The Five Factor Personality Assessment

One of the tools most commonly used to assess leadership potential is the Five Factor Personality Assessment, and there are now many other assessments based on this original system. Research has also shown that of the five factors—openness, conscientiousness, agreeableness, extraversion, and neuroticism–openness to new ideas and agreeableness (approachability) are the two strongest indicators of leadership potential.

Why is leadership important to a fire department’s success? Leadership is a component of emotional intelligence, which has been shown to be important for individual success and for organizational success because of an individual’s ability to contribute to the organization. Therefore, identifying and supporting a department’s leaders improves the department’s ability to succeed.

Behaviors That Build a Higher-Reliability Organization

There are also eight behaviors critical to an organization’s success–eight behaviors that build a higher-reliability organization. These behaviors cannot exist without good leaders because leadership is the foundation of the behaviors. These behaviors are

            • Being situationally aware

            • Using effective communication

            • Showing initiative

            • Being adaptable

            • Working together

            • Improvising

            • Learning

            • Educating.1

These behaviors are based on good leadership abilities. For example, effective communication is supported by being approachable. A person who is not approachable because of his management style and persona cannot communicate effectively with subordinates (especially), peers, or supervisors.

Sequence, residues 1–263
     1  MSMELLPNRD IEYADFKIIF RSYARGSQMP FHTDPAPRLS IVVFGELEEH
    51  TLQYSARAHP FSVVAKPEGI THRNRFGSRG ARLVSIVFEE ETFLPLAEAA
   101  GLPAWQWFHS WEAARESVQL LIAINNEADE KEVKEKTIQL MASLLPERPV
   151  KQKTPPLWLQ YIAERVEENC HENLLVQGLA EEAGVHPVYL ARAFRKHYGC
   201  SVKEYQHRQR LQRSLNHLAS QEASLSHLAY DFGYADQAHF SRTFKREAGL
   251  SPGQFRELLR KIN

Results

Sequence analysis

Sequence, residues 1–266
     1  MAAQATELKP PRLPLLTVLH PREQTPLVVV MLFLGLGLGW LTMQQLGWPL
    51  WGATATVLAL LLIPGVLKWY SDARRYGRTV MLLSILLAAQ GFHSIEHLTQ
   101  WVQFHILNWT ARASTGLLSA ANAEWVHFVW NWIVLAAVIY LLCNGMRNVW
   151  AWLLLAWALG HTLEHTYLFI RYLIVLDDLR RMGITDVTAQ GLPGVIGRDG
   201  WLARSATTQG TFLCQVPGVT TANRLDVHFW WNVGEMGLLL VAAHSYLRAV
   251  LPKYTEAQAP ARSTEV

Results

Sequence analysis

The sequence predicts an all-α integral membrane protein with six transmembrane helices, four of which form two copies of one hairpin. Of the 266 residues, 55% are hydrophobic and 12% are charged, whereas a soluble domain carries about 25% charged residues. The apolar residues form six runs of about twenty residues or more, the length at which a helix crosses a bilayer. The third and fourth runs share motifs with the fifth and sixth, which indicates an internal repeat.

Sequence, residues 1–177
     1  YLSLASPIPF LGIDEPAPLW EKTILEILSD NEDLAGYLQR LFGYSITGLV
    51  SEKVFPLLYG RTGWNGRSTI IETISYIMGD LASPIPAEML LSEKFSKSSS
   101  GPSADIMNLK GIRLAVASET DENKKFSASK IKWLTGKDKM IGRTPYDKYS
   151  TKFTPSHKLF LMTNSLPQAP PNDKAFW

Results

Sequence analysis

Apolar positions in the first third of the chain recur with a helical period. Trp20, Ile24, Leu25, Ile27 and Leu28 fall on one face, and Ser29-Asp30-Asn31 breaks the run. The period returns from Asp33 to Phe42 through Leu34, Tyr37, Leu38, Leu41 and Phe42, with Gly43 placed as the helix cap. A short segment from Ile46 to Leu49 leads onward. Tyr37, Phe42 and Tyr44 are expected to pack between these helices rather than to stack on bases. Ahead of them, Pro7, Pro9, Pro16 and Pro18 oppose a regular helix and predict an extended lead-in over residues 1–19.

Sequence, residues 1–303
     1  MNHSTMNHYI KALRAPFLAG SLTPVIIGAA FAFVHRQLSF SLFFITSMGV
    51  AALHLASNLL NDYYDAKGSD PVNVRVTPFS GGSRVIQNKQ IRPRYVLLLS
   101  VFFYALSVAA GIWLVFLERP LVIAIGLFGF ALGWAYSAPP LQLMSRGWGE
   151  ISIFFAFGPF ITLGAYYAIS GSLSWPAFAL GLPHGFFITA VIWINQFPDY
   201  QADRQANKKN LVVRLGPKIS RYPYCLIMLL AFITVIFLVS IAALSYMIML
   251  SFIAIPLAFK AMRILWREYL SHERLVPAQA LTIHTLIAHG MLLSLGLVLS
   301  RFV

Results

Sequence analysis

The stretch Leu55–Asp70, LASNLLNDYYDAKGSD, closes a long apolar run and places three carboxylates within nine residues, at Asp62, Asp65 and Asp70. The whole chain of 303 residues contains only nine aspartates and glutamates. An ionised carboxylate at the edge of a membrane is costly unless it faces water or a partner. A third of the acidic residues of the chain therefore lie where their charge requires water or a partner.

Not having effective communication with those around you reduces situational awareness and your ability to educate and prevents you from working with others. A person who is not open to new ideas affects the behavior of others. A closed-minded person is not adaptable and will not easily improvise and is often opposed to learning new ideas. This person will show initiative only in relation to existing programs or services because it is about managing the status quo. This is not really showing initiative although some may interpret it as initiative.

Instilling these eight behaviors in a department’s culture can lead a department to success. However, for these behaviors to be present in an organization, there must also be in place leaders who support individuals demonstrating these behaviors and leaders who model these behaviors.

Therefore, a department that focuses on the quality of its people by assessing its people for leadership potential creates an environment that fosters consistent success.

However, leadership ability alone does not make a department successful. A fire department that also focuses on its people and instills the eight behaviors has laid the groundwork to ensure the leadership environment is used to its fullest potential. Focusing on the people in the department is the silver bullet because it multiplies the department’s opportunity for success for every member engaged through this process.

Reference

1. Ericksen, J, & Dyer, L. (2004, March 1). Toward A Strategic Human Resource Management Model of High Reliability Organization Performance. Retrieved February 18, 2010, from CAHRS Working Paper #04-02: Cornell University, School of Industrial and Labor Relations, Center for Advanced Human Resource Studies: http://digitalcommons.ilr.cornell.edu/cahrswp/9

BIO

Dane Carley has been in the fire service since 1989. He spent 24 years pulling hose, throwing ladders, and cutting line in a variety of capacities and places before promoting to battalion chief in 2013 for the Fargo (ND) Fire Department. He has served in urban, suburban, rural, and wilderness areas working for city, county, state, and federal agencies. He co-writes for Fire Engineering magazine, co-produces a radio show for Talk Radio, and co-teaches leadership classes that support higher reliability organizing in the fire service.